The Obama Administration releases its long-awaited, historic strategic plan for the bioeconomy, and US economic revival from advances in health sciences, agriculture, industrial biotechnology and advanced biofuels.
No time to read the dense pages of the full report? Try our 10-Minute Guide, including links to the full report and a bonus look at the EU’s bioeconomy strategy.
In Washington, the Obama Administration released its Bioeconomy Blueprint, outlining its strategy for US economic revival based on a US technological lead in agriculture, biotechnology, health sciences and entrepreneurism.
In today’s Digest, we present a 10-Minute Guiide to the Blueprint, as well as a free download of the complete 48-page document – and, as a bonus, a free download of “Innovating for Sustainable Growth: A Bioeconomy for Europe,” which was prepared in Brusssels by the European Commission in a strategic plan submitted to the European Parliament.
In the blueprint’s opening pages, the Administration writes: “Decades of life-sciences research and the development of increasingly powerful tools for obtaining and using biological data have brought us closer to the threshold of a previously unimaginable future: “ready to burn” liquid fuels produced directly from CO2, biodegradable plastics made not from oil but from renewable biomass, tailored food products to meet specialized dietary requirements, personalized medical treatments based on a patient’s own genomic information, and novel biosensors for real-time monitoring of the environment.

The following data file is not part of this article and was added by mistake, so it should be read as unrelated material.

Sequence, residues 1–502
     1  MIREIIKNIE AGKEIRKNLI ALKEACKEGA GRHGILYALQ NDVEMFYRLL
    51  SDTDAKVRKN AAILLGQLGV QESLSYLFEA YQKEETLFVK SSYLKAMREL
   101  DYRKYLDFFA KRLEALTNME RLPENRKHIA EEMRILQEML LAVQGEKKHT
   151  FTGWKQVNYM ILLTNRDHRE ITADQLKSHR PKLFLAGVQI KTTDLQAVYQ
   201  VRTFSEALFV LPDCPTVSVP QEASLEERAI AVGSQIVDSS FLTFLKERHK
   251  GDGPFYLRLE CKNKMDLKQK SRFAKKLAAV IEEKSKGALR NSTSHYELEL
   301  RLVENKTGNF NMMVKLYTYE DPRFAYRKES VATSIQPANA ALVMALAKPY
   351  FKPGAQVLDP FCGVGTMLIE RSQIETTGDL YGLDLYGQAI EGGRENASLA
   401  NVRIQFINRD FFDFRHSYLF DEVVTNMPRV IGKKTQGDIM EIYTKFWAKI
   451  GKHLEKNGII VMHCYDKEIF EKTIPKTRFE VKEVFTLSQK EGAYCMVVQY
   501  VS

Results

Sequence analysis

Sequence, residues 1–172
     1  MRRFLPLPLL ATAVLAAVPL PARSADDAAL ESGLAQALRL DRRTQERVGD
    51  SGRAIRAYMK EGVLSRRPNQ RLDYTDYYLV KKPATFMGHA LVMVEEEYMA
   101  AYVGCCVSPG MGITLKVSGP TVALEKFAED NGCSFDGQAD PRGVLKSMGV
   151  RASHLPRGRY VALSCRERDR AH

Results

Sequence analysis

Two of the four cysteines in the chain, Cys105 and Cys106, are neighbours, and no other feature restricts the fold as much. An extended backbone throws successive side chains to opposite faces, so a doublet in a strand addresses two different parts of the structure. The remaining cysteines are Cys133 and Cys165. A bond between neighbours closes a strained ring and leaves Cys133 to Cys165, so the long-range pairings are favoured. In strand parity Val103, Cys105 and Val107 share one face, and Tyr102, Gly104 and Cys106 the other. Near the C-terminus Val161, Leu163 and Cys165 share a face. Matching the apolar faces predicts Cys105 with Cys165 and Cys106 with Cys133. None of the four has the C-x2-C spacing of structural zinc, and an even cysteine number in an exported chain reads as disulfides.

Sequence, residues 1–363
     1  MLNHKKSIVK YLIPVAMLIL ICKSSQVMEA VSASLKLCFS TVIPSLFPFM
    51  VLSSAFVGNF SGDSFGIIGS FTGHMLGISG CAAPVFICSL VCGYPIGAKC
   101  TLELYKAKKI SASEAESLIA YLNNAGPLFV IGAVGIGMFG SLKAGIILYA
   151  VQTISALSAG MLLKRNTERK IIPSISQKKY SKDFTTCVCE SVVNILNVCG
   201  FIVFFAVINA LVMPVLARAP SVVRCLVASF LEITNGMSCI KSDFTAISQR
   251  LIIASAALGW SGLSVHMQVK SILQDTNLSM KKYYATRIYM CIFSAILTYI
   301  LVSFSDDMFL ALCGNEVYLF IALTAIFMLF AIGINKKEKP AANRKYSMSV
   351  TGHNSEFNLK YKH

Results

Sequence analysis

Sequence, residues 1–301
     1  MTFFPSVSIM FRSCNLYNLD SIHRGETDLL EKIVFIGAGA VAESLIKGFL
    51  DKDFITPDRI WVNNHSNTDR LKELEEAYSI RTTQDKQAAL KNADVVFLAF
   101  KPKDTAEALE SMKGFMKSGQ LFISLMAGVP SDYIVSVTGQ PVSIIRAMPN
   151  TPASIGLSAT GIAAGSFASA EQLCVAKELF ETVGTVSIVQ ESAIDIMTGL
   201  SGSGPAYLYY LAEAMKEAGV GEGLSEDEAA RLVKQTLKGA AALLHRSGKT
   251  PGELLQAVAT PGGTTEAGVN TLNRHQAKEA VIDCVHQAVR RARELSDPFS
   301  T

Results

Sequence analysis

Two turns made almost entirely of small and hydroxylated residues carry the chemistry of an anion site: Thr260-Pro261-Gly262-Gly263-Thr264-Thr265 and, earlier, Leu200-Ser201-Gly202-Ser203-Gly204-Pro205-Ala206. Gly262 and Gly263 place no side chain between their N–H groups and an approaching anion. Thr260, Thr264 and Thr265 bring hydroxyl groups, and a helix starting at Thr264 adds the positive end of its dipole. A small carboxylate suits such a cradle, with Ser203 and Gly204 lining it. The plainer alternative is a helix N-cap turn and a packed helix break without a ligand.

“Increasingly, scientists and engineers are looking to augment biological research with approaches from other scientific disciplines for solutions to our most demanding scientific and societal challenges and seeing exciting options that will profoundly affect our future.”
The massize size of the bioeconomy, even today
In the Blueprint, the Administration reports: “According to the USDA, U.S.revenues in 2010 from genetically modified crops were approximately $76 billion. Beyond agriculture, based on the best available estimate, 2010 U.S.revenues from industrial biotechnology—fuels, materials, chemicals, and industrial enzymes derived from genetically modified systems—were approximately $100 billion.” The Blueprint also notes the international success of US agriculture, which produced a $42 billion trade surplus last year.
Five Strategic Objectives: from the Bioeconomy Blueprint
The National Bioeconomy Blueprint describes five strategic objectives for a bioeconomy with the potential to generate economic growth and address societal needs.
1. Support R&D investments that will provide the foundation for the future U.S. bioeconomy.
“Coordination of Federal bioeconomy-related research activities can improve the efficiency and effectiveness of those investments and is especially important when budget growth is constrained. Coordinated strategic programs and targeted investments will accelerate progress in biological research and technology areas, and this in turn will drive discovery for an American bioeconomy.”
Moving Forward: Coordinated, integrated R&D efforts will help strategically shape the national bioeconomy R&D agenda.
2. Facilitate the transition of bioinventions from research lab to market, including an increased focus on translational and regulatory sciences.
“If it is to be successful and thrive, the bioeconomy will be based on a steady flow of new products and services that address American needs. To ensure this flow, policies must be developed and taxpayer dollars must be used responsibly to foster an ecosystem that supports discovery, innovation, and commercialization.”
Moving Forward: A dedicated commitment to translational efforts will accelerate movement of bioinventions out of laboratories and into markets.
3. Develop and reform regulations to reduce barriers, increase the speed and predictability of regulatory processes, and reduce costs while protecting human and environmental health.
“Regulations are essential for protecting human health and the environment and reducing safety and security risks associated with potential misapplications of technology. When they are not carefully crafted or become outdated, however, they can become barriers to innovation and market expansion and discourage investment.”